Like how about Emma Watson? This is more of the kind of Hail Mary shot you may have been expecting here. John Hawkes and Joaquin Phoenix need just a little push, and consistency when a performance like Watson's needs to be remembered and ultimately respected enough to not just knee-jerk a spot for someone from The Best Exotic Marigold Hotel.

Watson was amazing in this film; the dream girl that was not just a wild, quirk machine but a fully rounded human being with the same insecurities as most of us in high school. This is a film that struck a chord in a lot of critics from a certain generation and it would be interesting to see a flowchart of every review to see if we could match up who were the nerds, who were the jocks, and who were just the overall d**ks. You want a screenplay adaptation with a real emotional core you can believe in? Then remember Stephen Chbosky and forget about Life of Pi.

AMOUR

Amour Emmanuelle Riva

From one generation to the next, and from love's beginning to the very end. All the amour coming out of Cannes and subsequent film festivals for Michael Haneke's latest is really nothing new to awards season. 2001's The Piano Teacher wins Best Actor and Actress from Cannes plus the Grand Jury Prize, then it manages a second and third place finish from L.A. and N.Y. for Isabelle Huppert. No Oscar nominations. 2005's Cache wins Best Director for Haneke at Cannes then Best Foreign Film from L.A. and Chicago. No Oscar nominations. 2010's The White Ribbon finally wins the Palme d'Or at Cannes, then Foreign Film in Chicago and cinematography awards from L.A. and N.Y. Result? Nominations for Foreign Film and Cinematography at the Oscars, but no wins.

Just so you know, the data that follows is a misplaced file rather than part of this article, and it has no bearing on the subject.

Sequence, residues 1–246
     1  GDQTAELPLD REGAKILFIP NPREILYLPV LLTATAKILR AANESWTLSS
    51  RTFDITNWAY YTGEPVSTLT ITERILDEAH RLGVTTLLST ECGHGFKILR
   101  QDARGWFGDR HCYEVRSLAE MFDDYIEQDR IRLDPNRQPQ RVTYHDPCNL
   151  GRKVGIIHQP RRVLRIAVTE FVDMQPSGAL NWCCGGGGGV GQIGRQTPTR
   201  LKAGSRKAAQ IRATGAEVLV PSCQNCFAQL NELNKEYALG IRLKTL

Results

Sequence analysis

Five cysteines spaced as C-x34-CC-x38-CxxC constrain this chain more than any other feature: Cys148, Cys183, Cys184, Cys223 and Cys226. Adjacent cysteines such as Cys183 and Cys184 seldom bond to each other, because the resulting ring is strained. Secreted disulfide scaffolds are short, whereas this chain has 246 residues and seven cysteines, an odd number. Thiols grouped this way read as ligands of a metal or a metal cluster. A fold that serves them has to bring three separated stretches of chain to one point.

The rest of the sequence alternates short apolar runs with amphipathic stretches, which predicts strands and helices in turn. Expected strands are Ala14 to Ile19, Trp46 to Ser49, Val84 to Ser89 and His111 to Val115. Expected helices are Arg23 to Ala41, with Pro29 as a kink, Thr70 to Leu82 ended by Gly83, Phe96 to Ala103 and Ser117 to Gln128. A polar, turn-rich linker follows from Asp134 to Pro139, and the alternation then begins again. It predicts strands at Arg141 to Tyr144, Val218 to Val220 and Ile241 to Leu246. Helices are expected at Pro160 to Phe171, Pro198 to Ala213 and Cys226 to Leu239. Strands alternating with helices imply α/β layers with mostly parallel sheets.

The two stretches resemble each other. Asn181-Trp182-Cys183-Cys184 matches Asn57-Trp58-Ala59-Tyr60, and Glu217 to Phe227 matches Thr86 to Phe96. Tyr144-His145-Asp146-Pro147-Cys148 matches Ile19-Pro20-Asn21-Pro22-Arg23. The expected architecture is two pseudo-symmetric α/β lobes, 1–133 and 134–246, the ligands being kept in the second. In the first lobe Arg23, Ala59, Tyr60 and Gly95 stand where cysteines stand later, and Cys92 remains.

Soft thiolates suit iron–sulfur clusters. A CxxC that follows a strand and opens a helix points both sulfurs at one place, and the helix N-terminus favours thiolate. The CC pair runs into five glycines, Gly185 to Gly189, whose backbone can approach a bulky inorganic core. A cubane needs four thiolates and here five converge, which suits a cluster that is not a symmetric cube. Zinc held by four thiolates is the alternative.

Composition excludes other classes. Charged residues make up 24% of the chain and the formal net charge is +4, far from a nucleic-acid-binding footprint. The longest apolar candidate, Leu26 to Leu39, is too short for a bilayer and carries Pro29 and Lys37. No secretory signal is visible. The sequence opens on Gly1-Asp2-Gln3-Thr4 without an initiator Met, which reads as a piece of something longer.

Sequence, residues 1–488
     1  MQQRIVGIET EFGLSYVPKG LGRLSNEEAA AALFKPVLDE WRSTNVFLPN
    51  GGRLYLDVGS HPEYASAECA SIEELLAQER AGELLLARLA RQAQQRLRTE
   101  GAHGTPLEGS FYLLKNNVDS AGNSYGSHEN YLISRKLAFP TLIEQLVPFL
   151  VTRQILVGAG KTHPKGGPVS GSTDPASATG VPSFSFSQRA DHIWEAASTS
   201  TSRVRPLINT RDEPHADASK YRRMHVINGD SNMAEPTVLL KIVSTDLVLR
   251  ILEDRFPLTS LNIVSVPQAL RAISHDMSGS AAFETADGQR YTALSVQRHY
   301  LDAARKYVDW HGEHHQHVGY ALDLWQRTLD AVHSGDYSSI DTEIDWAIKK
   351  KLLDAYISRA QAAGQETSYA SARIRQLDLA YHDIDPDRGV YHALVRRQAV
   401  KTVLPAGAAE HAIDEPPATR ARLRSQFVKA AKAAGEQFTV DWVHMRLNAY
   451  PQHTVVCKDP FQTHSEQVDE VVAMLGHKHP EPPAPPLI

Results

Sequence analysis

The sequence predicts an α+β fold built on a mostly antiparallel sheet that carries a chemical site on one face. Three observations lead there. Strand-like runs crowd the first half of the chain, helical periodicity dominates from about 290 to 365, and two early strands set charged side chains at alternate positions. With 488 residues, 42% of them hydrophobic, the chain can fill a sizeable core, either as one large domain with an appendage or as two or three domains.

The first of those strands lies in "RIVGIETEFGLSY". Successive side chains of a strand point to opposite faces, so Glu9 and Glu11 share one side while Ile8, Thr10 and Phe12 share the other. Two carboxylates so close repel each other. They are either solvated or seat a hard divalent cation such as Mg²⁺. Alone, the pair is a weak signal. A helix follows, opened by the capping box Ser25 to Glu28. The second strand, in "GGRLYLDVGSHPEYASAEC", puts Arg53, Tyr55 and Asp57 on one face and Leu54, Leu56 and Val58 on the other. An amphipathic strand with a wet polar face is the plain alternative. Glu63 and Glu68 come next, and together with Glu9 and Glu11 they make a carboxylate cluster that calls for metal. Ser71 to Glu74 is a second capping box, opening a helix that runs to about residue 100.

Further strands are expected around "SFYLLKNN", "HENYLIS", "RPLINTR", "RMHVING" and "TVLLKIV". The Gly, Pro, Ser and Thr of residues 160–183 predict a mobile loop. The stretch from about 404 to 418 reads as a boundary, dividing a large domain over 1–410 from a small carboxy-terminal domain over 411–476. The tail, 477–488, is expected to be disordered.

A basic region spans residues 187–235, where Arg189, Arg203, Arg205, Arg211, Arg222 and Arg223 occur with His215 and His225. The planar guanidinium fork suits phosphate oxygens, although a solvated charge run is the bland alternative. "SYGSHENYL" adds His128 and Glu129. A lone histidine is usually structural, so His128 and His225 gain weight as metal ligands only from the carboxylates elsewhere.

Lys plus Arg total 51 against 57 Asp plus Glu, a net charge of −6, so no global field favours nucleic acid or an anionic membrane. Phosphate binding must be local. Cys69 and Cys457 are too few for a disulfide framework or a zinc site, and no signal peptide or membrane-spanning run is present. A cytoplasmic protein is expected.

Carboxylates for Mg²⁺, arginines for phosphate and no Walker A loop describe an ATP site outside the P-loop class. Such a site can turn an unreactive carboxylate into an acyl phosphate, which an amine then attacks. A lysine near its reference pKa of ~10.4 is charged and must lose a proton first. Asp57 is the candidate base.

Emmanuelle Riva is going to need more of a presence than just the big three cities to break through in this race. Marion Cotillard (La Vie En Rose), Penelope Cruz (Volver) and Catalina Sandino Moreno (Maria Full of Grace) were all soaking up nods amongst the critic awards on the road to their Oscar nominations for foreign-language performances. Cotillard is already being lauded for the Nicholas Sparks-esque Rust and Bone, and there hasn't been a double foreign nominee for different films since 1966 when we all remember the great Anouk Aimee/Ida Kaminska showdown for A Man and a Woman and The Shop on Main Street. Right? (Adriana Barraza and Rinko Kikuchi were both nominated in 2006 for Babelnot entirely a foreign-language film.)

Riva has the showier role as the afflicted here, but Jean-Louis Trintignant deserves at least as much praise as the emotionally suffering husband. It's much easier to hype Riva in the more open category though. Los Angeles Film Critics have awarded a foreign-language actress three years running (and four of five back to Cotillard.) If they go that route again, it would need to be the beginning of Riva's award run or it could quickly be the end.